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I'm going to have to puzzle that one out, I guess. It seems like it might be appropriate, but if the inputs are 1 and -1, the result is 1. Not sure if I want to break out laplace for this, but if you have any references of more information on why or how this works, I'd appreciate a head start, –  Adam Davis Dec 8 '09 at 19:10
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This answer might come from vttoth.com/digimix.htm . –  Gauthier Jul 2 '10 at 11:22
    
Thx for the great link! –  Dalamber Dec 17 '10 at 6:25
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Note also that the article states input values between 0 and 1. –  Gauthier Oct 22 '12 at 13:20
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I think that, so long as the streams are uncorrelated, you shouldn't have too much to worry about, you should be able to get by with clipping. If you're really concerned about distortion at the clip points, a soft limiter would probably work OK.

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You're right about adding them together. You could always scan the sum of the two files for peak points, and scale the entire file down if they hit some kind of threshold (or if the average of it and its surrounding spots hit a threshold)

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Since your profile says you work in embedded systems, I will assume that floating point operations are not always an option.

> So what's the correct method to add these sounds together in my software mixer?

As you guessed, adding and clipping is the correct way to go if you do not want to lose volume on the sources. With samples that are int16_t, you need to the sum to be int32_t, then limit and convert back to int16_t.

> Am I wrong and the correct method is to lower the volume of each by half?

Yes. Halving of volume is somewhat subjective, but what you can see here and there is that halving the volume (loudness) is a decrease of about 10 dB (dividing the power by 10, or the sample values by 3.16). But you mean obviously to lower the sample values by half. This is a 6 dB decrease, a noticeable reduction, but not quite as much as halving the volume (the loudness table there is very useful).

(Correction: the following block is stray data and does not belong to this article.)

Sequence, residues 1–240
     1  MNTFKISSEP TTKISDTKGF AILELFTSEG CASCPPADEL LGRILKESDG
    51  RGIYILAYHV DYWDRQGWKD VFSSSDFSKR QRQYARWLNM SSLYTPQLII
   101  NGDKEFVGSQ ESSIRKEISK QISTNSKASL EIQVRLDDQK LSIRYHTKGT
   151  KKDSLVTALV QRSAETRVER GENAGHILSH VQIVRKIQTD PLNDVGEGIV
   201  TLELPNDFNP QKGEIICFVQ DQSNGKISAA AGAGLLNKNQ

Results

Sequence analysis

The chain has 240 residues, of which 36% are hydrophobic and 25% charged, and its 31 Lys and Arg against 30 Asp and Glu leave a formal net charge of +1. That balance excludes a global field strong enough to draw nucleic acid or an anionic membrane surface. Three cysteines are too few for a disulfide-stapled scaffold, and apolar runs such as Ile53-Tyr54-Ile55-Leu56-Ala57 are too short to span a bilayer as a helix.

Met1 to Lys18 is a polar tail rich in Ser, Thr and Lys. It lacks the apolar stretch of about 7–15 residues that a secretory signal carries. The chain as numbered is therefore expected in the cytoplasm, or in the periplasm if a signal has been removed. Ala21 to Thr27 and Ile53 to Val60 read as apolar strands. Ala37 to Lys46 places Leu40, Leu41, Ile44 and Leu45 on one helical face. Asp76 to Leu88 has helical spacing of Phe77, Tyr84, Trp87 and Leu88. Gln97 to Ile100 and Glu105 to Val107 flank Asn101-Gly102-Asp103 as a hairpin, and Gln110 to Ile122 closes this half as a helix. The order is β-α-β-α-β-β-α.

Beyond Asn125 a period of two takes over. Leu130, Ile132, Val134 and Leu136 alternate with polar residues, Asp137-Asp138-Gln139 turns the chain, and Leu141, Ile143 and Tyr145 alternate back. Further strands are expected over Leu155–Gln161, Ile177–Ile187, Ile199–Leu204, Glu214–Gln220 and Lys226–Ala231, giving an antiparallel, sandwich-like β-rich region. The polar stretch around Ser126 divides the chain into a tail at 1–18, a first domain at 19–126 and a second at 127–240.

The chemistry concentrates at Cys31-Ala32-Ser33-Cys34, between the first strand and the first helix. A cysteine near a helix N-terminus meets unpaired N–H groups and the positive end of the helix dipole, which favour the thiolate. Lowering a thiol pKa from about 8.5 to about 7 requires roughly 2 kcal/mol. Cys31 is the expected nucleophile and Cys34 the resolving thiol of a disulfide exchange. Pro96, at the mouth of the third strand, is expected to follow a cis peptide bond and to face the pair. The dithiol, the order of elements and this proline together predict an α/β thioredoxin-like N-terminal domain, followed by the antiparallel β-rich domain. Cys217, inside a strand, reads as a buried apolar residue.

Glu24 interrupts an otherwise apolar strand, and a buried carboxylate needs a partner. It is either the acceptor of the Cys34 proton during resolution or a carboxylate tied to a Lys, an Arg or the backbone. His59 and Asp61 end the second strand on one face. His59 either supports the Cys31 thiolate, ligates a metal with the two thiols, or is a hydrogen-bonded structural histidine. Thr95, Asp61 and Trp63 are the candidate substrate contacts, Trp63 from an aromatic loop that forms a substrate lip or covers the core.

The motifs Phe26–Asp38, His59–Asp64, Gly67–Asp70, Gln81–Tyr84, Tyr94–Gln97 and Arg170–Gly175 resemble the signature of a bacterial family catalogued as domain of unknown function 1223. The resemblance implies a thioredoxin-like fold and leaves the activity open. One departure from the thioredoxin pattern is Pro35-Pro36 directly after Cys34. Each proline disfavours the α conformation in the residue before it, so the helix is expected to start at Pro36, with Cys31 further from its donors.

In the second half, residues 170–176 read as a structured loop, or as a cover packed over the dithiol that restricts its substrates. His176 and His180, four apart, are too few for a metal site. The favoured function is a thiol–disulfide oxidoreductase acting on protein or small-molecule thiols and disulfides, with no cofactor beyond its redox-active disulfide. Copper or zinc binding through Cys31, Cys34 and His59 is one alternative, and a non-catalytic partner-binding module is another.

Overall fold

With this 6 dB reduction you will avoid all clipping. But what happens when you want more input channels? For four channels, you would need to divide the input values by 4, that is lowering by 12 dB, thus going to less that half the loudness for each channel.

> Do I need to add a compressor/limiter or some other processing stage to 
get the volume and mixing effect I'm trying for?

You want to mix, not clip, and not lose loudness on the input signals. This is not possible, not without some kind of distortion.

As suggested by Mark Ransom, a solution to avoid clipping while not losing as much as 6 dB per channel is to hit somewhere in between "adding and clipping" and "averaging".

That is for two sources: adding, dividing by somewhere between 1 and 2 (reduce the range from [-65536, 65534] to something smaller), then limiting.

If you often clip with this solution and it sounds too harsh, then you might want to soften the limit knee with a compressor. This is a bit more complex, since you need to make the dividing factor dependent on the input power. Try the limiter alone first, and consider the compressor only if you are not happy with the result.

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I did it this way once: I used floats (samples between -1 and 1), and I initialized a "autoGain" variable with a value of 1. Then I would add all the samples together (could also be more than 2). Then I would multiply the outgoing signal with autoGain. If the absolute value of the sum of the signals before multiplication would be higher than 1, I would make assign 1/this sum value. This would effectively make autogain smaller than 1 let's say 0.7 and would be equivalent to some operator quickly turning down the main volume as soon as he sees that the overall sound is getting too loud. Then I would over an adjustable period of time add to the autogain until it finally would be back at "1" (our operator has recovered from shock and is slowly cranking up the volume :-)).

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// #include <algorithm>
// short ileft, nleft; ...
// short iright, nright; ...

// Mix
float hiL = ileft + nleft;
float hiR = iright + nright;

// Clipping
short left = std::max(-32768.0f, std::min(hiL, 32767.0f));
short right = std::max(-32768.0f, std::min(hiR, 32767.0f));
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I'd say just add them together. If you're overflowing your 16 bit PCM space, then the sounds you're using are already incredibly loud to begin with and you should attenuate them. If that would cause them to be too soft by themselves, look for another way of increasing the overall volume output, such as an OS setting or turning the knob on your speakers.